The heart of the Trust after Betrayal project lies in Latin America, with the research questions driving its purpose developed after a combined equivalent of decades of research in the region. It extends, however, to other countries and conflicts in a dual acknowledgment: first, that there are qualities that are shared among populations living in contexts marked by scarcity and insecurity. Second, that site-specific nuances lead to more generative theory and agile practice.
A group of former FARC guerrillas and former victims of the internal armed conflict in Colombia form a grassroots initiative to return to the rural countryside of Caquetá, after their respective reintegrations and displacements deliver them to an informal housing settlement at the peri urban edges of the department’s capital city of Florencia. These individuals first came to know one another in the Fundación para la Reconciliación's School for Forgiveness and Reconciliation (ESPERE) in 2014 and overcame fear, mistrust, and various forms of insecurity in the years that followed. They now collaborate on initiatives from local income generation opportunities for single female heads of household to working towards a major land purchase to build an African Palm cooperative.
The treatment clinic of Comunidad de Sinai in Sinaloa, Mexico provides comprehensive rehabilitation for its male patients who suffer from a range of addictions and grapple with the events of their pasts. The multidisciplinary team works with the individuals and their families to recuperate their lives.
The fishing community of El Manglito in La Paz, Baja California Sur used to fish illegally in contra to sustainability quotas. In collaboration with a regional sustainability NGO they formed a cooperative to legalised their work and bring all fishermen in the community together with the goal of developing sustainable fishing methods and tourism.
ConTextos, El Salvador leads the Pionero program with incarcerated youth formerly affiliated with the mara gangs. They supplement the state agencies responsible for preparing these young people for reinsertion into society through providing literacy education alongside pedagogies that promote rehabilitation and healing. In addition to supporting ongoing analysis, review, and collaboration with the Pionero professionals, Trust after Betrayal has created one Field Research Assistant role for one of the program graduates as a part of the participatory methodology of the program.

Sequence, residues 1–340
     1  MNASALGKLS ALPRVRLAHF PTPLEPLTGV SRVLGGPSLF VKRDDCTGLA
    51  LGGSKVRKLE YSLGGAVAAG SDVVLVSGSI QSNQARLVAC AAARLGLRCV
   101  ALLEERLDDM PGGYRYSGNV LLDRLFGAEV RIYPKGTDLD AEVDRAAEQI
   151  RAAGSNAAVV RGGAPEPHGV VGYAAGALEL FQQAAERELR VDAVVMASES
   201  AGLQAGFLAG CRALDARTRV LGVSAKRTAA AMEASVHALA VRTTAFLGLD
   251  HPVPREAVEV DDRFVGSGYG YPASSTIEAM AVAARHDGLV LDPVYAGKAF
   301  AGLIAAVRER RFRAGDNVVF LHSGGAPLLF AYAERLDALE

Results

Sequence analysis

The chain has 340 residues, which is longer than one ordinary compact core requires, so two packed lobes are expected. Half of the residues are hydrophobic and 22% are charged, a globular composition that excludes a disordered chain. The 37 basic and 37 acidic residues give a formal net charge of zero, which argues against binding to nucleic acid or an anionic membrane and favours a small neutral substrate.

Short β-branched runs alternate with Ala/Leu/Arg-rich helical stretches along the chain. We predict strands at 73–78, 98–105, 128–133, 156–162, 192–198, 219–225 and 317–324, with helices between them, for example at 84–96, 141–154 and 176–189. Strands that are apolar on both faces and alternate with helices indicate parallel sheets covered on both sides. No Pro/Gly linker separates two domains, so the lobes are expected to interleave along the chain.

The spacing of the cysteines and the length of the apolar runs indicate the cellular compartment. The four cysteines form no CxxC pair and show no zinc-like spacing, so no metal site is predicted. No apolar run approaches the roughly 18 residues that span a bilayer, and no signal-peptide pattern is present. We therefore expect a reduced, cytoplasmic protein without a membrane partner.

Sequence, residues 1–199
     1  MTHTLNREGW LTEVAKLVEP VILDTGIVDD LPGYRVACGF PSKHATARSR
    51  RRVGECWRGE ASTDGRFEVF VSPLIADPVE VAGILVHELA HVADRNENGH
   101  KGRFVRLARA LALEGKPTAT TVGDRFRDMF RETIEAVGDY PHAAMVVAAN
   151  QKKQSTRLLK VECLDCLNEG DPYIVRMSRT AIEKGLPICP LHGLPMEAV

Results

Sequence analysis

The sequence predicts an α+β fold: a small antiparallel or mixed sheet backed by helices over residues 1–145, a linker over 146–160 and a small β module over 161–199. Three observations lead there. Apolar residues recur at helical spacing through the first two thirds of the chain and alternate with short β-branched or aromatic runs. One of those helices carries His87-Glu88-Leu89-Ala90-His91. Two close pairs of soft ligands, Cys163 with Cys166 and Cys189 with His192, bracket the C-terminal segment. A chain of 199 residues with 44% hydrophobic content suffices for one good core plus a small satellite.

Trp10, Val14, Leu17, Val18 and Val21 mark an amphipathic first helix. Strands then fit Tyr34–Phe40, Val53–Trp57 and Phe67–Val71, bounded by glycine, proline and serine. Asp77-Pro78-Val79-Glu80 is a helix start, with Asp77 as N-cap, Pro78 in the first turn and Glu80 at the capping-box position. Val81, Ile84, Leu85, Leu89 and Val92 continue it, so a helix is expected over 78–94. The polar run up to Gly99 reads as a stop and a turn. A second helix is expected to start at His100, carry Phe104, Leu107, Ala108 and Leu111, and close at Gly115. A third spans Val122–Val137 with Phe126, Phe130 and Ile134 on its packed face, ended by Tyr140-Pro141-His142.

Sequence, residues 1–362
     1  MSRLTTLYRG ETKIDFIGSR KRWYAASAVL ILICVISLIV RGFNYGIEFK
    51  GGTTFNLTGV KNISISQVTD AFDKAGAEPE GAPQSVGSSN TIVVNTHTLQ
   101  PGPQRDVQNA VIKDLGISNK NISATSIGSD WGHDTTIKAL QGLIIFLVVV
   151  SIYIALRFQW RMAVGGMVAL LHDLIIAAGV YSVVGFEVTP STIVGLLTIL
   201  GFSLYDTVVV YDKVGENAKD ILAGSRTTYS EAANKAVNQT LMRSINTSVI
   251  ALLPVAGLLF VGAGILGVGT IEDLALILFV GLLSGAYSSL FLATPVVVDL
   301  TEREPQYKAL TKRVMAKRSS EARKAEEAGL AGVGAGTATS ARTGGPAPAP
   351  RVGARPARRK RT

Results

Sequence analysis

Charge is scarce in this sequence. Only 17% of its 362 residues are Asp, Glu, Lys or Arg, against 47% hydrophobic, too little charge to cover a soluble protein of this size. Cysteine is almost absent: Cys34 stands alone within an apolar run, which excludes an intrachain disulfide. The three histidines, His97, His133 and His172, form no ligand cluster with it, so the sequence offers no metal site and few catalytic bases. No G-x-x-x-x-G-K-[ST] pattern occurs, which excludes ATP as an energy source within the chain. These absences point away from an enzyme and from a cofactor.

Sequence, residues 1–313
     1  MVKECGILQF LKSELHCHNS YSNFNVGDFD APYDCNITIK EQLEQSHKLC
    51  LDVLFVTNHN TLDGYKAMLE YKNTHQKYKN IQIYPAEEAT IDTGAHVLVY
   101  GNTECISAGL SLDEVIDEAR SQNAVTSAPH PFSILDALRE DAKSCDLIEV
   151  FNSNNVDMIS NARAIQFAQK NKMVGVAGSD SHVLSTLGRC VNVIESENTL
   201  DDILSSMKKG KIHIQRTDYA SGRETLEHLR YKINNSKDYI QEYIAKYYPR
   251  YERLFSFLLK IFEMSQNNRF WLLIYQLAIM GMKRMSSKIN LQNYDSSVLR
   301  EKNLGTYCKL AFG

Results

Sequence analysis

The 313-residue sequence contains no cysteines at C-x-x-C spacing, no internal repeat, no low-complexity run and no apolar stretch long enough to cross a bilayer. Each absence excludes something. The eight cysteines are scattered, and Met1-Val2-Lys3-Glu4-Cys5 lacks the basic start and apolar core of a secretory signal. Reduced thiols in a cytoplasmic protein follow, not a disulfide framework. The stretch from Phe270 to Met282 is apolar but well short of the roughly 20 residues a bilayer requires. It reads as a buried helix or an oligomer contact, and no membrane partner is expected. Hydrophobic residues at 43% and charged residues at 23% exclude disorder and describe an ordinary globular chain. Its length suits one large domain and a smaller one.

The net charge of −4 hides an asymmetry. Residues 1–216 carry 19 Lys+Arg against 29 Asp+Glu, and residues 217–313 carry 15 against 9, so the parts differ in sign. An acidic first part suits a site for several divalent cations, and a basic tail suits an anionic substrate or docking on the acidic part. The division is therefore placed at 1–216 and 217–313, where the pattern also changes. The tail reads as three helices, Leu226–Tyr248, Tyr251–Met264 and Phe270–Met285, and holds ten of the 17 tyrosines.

Trust after Betrayal collaborates with projects led by the Office of Military Affiliated Communites supported by the Robert R. McCormick Foundation, the Department of Defense, the State of Illinois, and Cook County. It analyzes military veteran transitions from active duty to civilian life with a focus on higher education and mental health and well-being. To do this, the project engages with programs such as the Department of Defense SkillBridge program and the Veterans Treatment Courts of the state of Illinois, among others.
Former affiliates of Al-Qaeda’s Somali-based branch, al Shabaab, (re)integrate into receiving communities marked by divisive clan politics; ongoing physical insecurity; fear, stigma, and discrimination; and acute conditions of scarcity and instability. More than any other site in this project, community acceptance of the individual features as a determining factor for their reintegration success. Trust after Betrayal engages with organizations facilitating these transitions to better understand how it is possible to build the trust and social relationships necessary for such acceptance when ongoing terrorist attacks, penetrating informant networks, and growing instability persist.
Being a country in the African Sahel region, Sudan is particularly vulnerable to the threatening effects of climate change on agriculture and pastoralism. Competition for water and fertile land together with political instability undermine attempts to improve human security in the country. Trust after Betrayal is collaborating with the International Organization for Migration (IOM) to examine local interactions between changing livelihoods, mobility, migration, armed group tactics, and elite exploitation. The data we gather in this programme offers a novel perspective on the peculiar conflict dynamics emerging from the climate crisis. Moreover, our approach stimulates evidence-based capacity building to manage associated risks in Sudanese communities.
© Luca Galuzzi / Wiki Commons
Libya is a frequent destination for those leaving neighbouring countries to seek economic opportunities or due to armed conflict and natural disasters. As migrants and displaced people converge in Libyan communities, the sustainability of potable water infrastructure is an urgent concern. In partnership with the International Organization for Migration (IOM), Trust after Betrayal assesses familiar and emergent forms of violence related to water resource management in both rural and urban Libya. Based on this, we design grassroots-led solutions for water scarcity with local stakeholders. Moreover, Trust after Betrayal is refining a novel method of technologically mediated ethnography as part of this effort.